Eglin air force base achieves goal of 100% compliance with EHS regulations for hazardous materials management


Courtesy of IHS Markit

For personnel at Eglin Air Force Base, working with hazardous materials is all part of the job. Yet, thanks to the base’s highly successful Hazardous Materials Program (HMP), it is a job that is done safely every day and in full compliance with a host of government and military regulations.

Eglin, an operating unit of the Air Force Materiel Command, is home to the 96th Air Base Wing and the Air Armament Center. The largest base in the U.S. Air Force, Eglin is located on a massive reservation spanning 724 square miles in northeast Florida. Within its 11.6 million square foot physical plant and 3,450 facilities, the base conducts a wide range of mission-critical activities, including traditional military services, civil engineering, personnel, logistics, communications, computer, medical, security and other host services in support of the 46th Test Wing, 919th SOW, 1st SOMXS, Navy EOD, Army Ranger Camp, F35 Joint Strike Fighter and the 7th Special Forces Group.

Many of the manufacturing and maintenance activities conducted at the base involve the use of chemical materials and generate waste materials that are regulated under local, state and federal environmental, health and safety (EHS) regulations. In addition, base personnel must maintain compliance with Air Force standards, some of which are even more stringent than comparable federal government mandates.

For more than a decade, Thomas Prier, the HMP manager for Eglin AFB, has managed a comprehensive program that is among the most successful in the U.S. Air Force. One of the keystones of that program is Hazardous Material Management System (HMMS) software from IHS. Implemented in 2007, HMMS supports proactive material and waste management, effective and accurate regulatory compliance, pollution prevention, and data transparency. HMMS is deployed at 95 active material issue points across the base – locations where chemical-based products are issued to authorized users. During federal fiscal year (FY) 2010, more than 1,900 unique HMMS users recorded 75,000 individual material transactions.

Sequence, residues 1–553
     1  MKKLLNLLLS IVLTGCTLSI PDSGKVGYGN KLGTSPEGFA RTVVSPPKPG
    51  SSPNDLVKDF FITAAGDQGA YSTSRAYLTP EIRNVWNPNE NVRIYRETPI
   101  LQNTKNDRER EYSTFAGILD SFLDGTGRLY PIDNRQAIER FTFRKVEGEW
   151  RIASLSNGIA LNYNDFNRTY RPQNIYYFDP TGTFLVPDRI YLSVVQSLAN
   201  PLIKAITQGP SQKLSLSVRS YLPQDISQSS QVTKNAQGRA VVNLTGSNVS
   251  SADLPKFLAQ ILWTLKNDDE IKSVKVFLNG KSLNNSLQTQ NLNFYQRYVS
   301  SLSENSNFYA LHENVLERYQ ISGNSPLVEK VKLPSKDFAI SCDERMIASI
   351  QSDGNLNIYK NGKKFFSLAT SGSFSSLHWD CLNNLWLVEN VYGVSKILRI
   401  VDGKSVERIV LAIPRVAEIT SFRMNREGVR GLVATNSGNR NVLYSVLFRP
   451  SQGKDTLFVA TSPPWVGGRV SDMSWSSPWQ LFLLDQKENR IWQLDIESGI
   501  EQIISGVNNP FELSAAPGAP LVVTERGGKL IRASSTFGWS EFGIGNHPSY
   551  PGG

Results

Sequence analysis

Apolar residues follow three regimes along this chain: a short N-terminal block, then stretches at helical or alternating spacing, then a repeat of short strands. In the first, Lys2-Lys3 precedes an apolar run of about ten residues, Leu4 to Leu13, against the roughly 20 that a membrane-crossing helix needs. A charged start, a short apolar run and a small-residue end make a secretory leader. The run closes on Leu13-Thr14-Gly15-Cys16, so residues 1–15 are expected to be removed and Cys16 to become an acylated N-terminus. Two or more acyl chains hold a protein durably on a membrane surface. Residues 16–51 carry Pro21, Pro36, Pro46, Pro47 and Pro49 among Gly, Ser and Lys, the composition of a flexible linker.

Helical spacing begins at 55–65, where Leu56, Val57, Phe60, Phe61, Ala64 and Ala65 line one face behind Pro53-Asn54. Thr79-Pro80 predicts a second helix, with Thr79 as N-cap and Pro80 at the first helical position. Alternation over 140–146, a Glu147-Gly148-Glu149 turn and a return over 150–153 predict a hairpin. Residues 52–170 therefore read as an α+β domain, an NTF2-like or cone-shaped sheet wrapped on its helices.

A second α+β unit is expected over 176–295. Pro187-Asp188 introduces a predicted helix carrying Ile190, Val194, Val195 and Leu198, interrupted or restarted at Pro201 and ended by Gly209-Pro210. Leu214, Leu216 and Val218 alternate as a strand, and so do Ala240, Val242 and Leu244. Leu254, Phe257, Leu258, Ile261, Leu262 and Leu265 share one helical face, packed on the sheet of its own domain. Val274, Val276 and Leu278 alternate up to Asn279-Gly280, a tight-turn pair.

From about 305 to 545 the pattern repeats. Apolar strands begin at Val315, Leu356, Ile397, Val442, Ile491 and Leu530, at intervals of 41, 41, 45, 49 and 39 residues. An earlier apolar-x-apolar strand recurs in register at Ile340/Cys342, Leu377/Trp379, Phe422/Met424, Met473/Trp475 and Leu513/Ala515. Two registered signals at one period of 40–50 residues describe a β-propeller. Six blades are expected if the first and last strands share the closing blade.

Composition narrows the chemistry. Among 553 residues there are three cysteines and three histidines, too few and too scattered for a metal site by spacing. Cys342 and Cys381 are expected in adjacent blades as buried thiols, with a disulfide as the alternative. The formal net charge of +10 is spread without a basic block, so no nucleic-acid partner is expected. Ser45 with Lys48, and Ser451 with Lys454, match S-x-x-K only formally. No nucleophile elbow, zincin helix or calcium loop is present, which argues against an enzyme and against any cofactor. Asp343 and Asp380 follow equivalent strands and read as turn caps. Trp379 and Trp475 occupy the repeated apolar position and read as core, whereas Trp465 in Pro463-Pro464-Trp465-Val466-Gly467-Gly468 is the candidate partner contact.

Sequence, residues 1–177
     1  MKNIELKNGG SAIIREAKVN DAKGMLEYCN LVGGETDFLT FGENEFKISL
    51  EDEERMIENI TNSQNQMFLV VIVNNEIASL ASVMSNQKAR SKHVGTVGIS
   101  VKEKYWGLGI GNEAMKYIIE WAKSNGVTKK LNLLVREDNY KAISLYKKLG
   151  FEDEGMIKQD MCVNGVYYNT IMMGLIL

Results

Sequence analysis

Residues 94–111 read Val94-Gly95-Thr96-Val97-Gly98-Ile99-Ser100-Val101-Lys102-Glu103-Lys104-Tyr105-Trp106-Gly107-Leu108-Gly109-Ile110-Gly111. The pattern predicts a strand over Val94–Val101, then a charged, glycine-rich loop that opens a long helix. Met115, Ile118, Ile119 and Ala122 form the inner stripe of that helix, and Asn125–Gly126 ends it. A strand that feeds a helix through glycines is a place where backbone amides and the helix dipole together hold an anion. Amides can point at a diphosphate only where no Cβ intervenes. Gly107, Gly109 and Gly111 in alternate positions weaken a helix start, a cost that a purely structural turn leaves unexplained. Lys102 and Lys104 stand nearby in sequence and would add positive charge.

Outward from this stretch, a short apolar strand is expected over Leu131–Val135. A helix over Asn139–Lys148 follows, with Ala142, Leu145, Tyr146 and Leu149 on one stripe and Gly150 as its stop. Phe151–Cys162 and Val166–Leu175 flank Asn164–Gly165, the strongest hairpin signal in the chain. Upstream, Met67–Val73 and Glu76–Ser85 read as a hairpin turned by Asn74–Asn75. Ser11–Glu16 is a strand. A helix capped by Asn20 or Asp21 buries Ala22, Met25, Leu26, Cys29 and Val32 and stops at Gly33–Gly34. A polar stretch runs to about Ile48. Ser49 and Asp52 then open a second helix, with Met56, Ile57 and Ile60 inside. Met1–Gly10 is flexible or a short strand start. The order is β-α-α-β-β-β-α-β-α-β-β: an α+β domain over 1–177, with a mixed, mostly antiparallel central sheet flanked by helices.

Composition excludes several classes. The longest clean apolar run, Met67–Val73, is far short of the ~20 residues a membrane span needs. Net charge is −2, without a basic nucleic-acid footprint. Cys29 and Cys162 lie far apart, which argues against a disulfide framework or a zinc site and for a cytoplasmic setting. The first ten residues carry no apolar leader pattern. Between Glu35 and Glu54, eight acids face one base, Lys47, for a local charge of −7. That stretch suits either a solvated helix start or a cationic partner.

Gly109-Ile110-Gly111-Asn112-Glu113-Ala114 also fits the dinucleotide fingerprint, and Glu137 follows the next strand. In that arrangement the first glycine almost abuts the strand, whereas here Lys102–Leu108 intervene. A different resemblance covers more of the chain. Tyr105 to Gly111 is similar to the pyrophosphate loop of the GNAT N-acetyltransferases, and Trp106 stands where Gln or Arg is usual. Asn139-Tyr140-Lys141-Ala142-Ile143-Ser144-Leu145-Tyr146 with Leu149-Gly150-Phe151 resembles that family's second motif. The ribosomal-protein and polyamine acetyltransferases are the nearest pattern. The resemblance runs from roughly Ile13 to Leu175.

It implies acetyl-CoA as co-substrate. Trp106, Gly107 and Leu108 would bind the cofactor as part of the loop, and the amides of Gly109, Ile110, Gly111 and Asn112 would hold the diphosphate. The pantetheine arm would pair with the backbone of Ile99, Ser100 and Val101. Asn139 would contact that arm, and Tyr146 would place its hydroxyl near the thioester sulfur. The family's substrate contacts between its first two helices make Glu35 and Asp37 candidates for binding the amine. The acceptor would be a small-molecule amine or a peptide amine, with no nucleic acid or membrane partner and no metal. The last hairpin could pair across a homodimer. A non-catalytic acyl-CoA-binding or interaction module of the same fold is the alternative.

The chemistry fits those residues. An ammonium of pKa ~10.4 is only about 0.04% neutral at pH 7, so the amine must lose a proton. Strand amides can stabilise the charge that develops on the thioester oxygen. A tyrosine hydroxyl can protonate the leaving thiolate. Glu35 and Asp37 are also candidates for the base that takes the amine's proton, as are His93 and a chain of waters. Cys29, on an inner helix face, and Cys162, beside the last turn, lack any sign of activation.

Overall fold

“We’re a test and development center, the largest installation in the United States,” Prier explains. “We drop a lot of bombs and test many different munitions for our war-fighting capabilities. Sometimes, gathering hazardous material data can be painful because it can require manual processes, including one-on-one interviews. We compile all that information and compare it against our annual reporting limits.”

Prier has leveraged HMMS to develop a model approach to material and waste management that minimizes the burden on base operations while ensuring accurate and complete compliance. Sample innovations include:

  • The base’s research, development and maintenance functions require tracking of more than 8,000 Material Safety Data Sheets (MSDSs) for products stored throughout the reservation. Over the course of a year, the HMP team monitors more than140,000 pounds of regulated substances. HMMS helps them track those substances for annual regulatory reporting.